European Council on Foreign Relations

The British press and euroscepticism: mirror or magnifying glass?

ECFR's Europe at the crossroads project aims at examining the state of the debate on the euro crisis and the future of the UK's relationship with Europe. This is a guest blog post by John Palmer, the former European Editor of The Guardian and founder of the European Policy Centre in Brussels.

The British capacity to be unhappy fully inside the European Union, while also being unhappy to be completely outside, is nothing new. The late Max Kohnstamm, deputy to Jean Monnet in the early years of the European construction, once told me about his and Monnet’s first visit to London in 1951 seeking UK government support for the proposed European Coal and Steel Community. Although warned they would get a frosty reception, they were warmly welcomed by a senior diplomat who said: “We greatly admire what you are doing to bring Europe together.” “But,” he went on, “if we were to decide to join and then change our minds how could we get out?”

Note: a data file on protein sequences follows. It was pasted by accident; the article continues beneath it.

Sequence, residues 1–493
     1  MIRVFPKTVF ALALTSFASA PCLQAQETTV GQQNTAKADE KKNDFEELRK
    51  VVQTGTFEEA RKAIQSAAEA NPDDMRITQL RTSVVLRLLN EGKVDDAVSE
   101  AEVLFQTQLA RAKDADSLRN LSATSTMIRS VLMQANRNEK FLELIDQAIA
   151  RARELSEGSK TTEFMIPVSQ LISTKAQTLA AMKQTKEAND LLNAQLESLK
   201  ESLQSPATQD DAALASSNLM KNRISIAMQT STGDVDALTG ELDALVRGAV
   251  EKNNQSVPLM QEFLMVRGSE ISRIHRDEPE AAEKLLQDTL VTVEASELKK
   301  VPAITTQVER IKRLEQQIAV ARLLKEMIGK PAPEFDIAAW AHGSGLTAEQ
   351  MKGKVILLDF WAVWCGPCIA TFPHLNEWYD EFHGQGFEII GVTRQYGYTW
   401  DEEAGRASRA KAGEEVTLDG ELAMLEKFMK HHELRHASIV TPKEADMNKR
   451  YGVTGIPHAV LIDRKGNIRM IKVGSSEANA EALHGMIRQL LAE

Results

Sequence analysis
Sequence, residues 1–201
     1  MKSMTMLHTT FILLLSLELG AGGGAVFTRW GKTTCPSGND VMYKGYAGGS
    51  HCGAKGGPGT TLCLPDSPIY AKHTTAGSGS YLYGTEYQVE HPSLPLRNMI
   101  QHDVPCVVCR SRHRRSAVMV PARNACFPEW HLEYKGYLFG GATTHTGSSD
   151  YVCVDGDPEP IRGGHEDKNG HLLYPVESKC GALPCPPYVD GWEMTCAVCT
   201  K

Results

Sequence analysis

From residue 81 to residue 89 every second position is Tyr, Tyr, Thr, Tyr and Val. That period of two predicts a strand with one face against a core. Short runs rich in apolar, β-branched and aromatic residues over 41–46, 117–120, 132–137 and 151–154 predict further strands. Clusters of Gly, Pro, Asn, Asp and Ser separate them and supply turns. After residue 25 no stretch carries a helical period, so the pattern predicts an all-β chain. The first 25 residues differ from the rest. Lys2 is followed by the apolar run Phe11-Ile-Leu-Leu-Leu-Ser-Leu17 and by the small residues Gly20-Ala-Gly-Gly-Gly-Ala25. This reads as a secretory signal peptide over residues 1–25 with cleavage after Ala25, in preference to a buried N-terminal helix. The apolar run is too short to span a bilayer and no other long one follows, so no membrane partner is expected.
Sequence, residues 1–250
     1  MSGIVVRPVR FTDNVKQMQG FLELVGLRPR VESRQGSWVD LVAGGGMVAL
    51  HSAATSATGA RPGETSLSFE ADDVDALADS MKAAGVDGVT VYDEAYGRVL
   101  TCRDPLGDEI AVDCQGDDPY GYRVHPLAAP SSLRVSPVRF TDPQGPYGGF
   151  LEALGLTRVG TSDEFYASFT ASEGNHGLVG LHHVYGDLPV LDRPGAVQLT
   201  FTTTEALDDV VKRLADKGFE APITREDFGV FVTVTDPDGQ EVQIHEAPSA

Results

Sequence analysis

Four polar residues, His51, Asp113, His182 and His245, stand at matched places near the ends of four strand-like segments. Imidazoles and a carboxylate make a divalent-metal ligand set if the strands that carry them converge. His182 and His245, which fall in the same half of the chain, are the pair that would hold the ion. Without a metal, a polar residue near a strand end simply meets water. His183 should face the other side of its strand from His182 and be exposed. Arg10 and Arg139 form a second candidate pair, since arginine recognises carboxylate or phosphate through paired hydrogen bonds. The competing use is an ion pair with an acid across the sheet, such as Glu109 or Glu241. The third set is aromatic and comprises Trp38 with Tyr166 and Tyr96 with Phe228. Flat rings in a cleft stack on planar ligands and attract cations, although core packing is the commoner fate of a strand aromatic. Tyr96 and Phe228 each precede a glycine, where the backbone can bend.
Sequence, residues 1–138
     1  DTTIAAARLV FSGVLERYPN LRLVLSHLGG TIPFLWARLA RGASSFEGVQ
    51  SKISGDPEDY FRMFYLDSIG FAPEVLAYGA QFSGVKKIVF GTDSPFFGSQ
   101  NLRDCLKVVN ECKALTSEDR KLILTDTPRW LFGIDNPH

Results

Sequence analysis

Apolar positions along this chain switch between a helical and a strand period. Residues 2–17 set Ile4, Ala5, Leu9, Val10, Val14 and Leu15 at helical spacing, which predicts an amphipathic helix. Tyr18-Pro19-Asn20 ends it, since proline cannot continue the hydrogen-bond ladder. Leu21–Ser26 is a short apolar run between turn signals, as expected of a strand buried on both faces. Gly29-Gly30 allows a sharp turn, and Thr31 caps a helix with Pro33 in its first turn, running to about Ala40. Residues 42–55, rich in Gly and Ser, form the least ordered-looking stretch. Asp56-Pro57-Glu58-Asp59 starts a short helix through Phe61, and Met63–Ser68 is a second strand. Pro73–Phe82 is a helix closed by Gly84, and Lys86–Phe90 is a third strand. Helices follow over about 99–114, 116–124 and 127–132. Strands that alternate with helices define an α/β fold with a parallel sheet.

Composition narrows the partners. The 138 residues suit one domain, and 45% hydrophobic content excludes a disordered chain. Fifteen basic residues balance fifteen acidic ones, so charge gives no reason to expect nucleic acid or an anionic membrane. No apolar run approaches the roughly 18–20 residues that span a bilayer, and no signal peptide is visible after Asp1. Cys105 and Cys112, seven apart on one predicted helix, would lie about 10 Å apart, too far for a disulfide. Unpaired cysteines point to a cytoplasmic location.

Such doubts about membership of a sovereignty sharing system of supranational governance are perfectly normal. But the fierce, sometimes xenophobic, character of much current eurosceptic reporting is something else. That said, eurosceptic attitudes can be found in some parts of the media in some other European Union countries. A decade ago such media hostility to the EU and to the very process of European integration was confined to the UK and to a lesser extent, Denmark.

Within the EU institutions, the virulence of British dissent from European engagement has traditionally been attributed to the malign influence of the media – and in particular the tabloid press. The fact that some of the most influential British tabloid newspaper have “foreign” (that is non-European) proprietors is seen as reflecting personal vested interests as well as ideological hostility to anything emanating from Brussels.